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Dive Bars 

Drink in the Cheap Buzz and Tacky Decor

As philosophers have long debated the definition of "Truth," so have bar-goers long argued over defining the equally ineffable "Dive." Most would agree that a true dive requires some combination of tacky ambiance, dirt-cheap drinks, bartenders who look like they have seen it all and then seen it all again, and a regular cohort of slurring, barnacle-esque clientele. Luckily for all of us living in the East Bay, we've got lots of bars that fit that bill — but only a few can be called the best.

If there's one bar that would scream dive if it still had a functional voice-box, it's the Hotsy Totsy Club. With its wood-paneled walls, unmistakable neon signage outside, and horrendous lighting scheme inside, it's no wonder that this perpetually for-sale Albany relic has managed to scare away the hipster crowd for so long. Nothing says "dive" like a bar that requires duct-tape to keep the actual bar from falling onto the ground. As any good dive should, the Hotsy Totsy has the stale air and gloomy atmosphere that leaves its clientele feeling at once nurtured, neglected, and utterly intoxicated. Extra points for the Pabst on tap, and demerits for the new digital jukebox that looks like a UFO. If the Hotsy Totsy wants to retain its dive bar status, it's going to have to stop investing in fancy technology.

On its MySpace page, Berkeley's Missouri Lounge declares its interests as "Bum jam, cheap booze, beef sticks, booty bombs and smooth jams, pool, baseball, outlaws, drink wheel, [and] keeping the regulars in check." Oh, and apparently the bar is also a Sagittarius — which would make sense considering its rabble-rousing independence from all things hygienic and wholesome. Known to some as the "misery lounge," the ambiance at the Missouri is nothing short of second-rate, and never disappoints. Don't be fooled by the younger, hipper weekend crowd and nightly DJ sets — hitting up the bar midweek at happy hour is enough to convince anyone that this ain't no lush lounge. While you're there, make sure to try the $5 whiskey-and-can o' beer combo to put a little fire on your breath and kick(ass) in your step.

On the more upscale side, Baggy's By the Lake offers something that aforementioned dives don't: atmosphere. This lakeside hideaway has more red velvety furniture, fake foliage, and kitschy wall decor than a brothel in Reno. Although fully loaded with ornamentation, Baggy's exudes the unmistakably "dive" aura of low-maintenance. Highlights include a dusty disco ball that looks like it hasn't seen a disco in ... ever, a gigantic picture of the bar directly above the bar, plastic sconces, and an entire faux-gold-framed collection of faux-cowboy paintings hanging from the faux-brick walls. But the feature that bumps this bar above all the rest is definitely the cozy "library" nook located in back where you can curl up with a scotch and stare at the aquarium (sans fish, or anything living for that matter) or read one of the dusty books (Hawthorne anyone?) stacked on the mantel above the dusty fireplace. Last but not least, this bar gets yet another nod for the breath-mint dispenser located right next to the "don't drink and drive" sign by the front door. It's always comforting to know the owners are looking out for their customers.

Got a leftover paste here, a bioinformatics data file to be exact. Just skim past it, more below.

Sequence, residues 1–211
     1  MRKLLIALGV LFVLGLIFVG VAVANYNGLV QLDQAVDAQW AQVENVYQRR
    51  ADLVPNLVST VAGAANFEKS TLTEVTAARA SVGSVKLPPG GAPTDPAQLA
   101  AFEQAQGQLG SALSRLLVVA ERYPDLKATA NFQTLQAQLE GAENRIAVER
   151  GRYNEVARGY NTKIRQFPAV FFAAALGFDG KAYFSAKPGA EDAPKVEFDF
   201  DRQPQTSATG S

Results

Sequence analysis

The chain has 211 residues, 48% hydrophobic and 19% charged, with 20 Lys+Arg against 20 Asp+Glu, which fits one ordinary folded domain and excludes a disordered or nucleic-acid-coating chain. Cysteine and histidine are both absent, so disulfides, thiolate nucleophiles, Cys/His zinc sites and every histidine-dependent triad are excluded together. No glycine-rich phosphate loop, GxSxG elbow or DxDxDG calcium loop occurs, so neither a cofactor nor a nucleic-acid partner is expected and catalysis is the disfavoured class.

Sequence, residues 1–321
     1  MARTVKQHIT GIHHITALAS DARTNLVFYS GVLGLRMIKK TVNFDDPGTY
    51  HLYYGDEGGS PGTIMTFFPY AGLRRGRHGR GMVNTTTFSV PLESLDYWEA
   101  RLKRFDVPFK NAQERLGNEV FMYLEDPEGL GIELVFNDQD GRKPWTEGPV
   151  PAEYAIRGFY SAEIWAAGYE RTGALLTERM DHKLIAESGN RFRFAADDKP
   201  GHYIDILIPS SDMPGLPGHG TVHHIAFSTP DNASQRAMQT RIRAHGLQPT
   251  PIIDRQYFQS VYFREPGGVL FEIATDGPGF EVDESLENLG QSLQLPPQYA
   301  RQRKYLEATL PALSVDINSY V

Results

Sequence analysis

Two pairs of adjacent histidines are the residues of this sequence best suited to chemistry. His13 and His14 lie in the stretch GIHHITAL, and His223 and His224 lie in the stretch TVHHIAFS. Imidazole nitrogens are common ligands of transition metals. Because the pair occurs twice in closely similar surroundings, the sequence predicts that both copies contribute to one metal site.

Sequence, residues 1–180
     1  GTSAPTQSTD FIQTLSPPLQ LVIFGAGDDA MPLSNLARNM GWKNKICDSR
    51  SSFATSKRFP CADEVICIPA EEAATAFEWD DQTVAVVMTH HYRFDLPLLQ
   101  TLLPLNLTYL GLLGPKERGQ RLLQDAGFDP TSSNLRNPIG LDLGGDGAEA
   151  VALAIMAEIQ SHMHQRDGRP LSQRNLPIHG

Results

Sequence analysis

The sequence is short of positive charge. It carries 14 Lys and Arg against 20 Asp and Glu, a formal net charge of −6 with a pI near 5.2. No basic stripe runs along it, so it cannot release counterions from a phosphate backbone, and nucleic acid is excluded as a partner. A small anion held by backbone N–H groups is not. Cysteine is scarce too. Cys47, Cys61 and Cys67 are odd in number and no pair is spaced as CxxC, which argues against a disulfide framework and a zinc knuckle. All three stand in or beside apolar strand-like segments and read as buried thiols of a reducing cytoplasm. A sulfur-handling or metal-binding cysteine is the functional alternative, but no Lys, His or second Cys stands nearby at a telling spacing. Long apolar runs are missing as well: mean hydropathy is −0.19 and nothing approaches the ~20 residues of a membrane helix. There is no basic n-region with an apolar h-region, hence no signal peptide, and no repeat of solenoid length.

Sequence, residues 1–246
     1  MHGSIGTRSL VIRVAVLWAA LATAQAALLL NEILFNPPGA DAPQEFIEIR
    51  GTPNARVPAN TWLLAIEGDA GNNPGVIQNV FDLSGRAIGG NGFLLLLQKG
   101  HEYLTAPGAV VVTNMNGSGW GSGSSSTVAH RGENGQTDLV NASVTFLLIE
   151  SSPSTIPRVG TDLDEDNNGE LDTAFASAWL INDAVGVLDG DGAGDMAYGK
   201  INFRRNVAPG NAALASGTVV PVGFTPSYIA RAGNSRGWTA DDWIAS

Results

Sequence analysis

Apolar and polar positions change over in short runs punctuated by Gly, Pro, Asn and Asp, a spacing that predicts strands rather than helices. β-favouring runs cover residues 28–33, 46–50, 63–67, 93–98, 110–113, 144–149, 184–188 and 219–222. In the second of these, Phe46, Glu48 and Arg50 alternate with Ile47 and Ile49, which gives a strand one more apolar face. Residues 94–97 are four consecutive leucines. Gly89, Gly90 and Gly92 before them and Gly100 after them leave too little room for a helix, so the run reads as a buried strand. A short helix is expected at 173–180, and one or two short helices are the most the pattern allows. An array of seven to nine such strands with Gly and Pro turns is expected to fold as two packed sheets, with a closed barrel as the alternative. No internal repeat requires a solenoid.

Keep wandering the periphery of Lake Merritt and you'll eventually hit Smitty's Cocktails on Grand, a dive that might fit more into Sports Bar category if it weren't for the ridiculously inexpensive drinks, smoggy air, and bizarre woodcuts of clowns adorning its sweaty walls. With shuffleboard on one end of the bar and pool on the other, no matter how few people are in this bar, it still somehow manages to feel claustrophobic. Luckily, the crowd at Smitty's is usually congenial, hilarious, and drunk enough to act as distraction from any feelings of imminent suffocation.

And what would a "best dives in the East Bay" list be without Oakland's tried-and-true George Kaye's and the Kerry House? Located conveniently over the hill from one another, both of these dives boast refreshingly little besides low-expectations and a place to drown your sorrows in alcohol — which must be what keeps clientele always coming back for more. Both also have their unique perks: while Geo Kaye's offers a stunning view of the laundromat across the way, the Kerry House may be the only Irish bar to share a door with an Indian restaurant. The Kerry House may have pool tables upstairs, but doesn't have the dog-friendly, smoke-friendly intimacy of Geo Kaye's. Some might say the Kerry House attracts a slightly more homely, less art-school hipster crowd than Geo Kaye's, but if drinking is what you want to do, either one will get the job done on the cheap. If you're trying to decide between the two, you can always hit up both. — Anna McCarthy
(Sorry, no information is currently available for other years in this same award category.)

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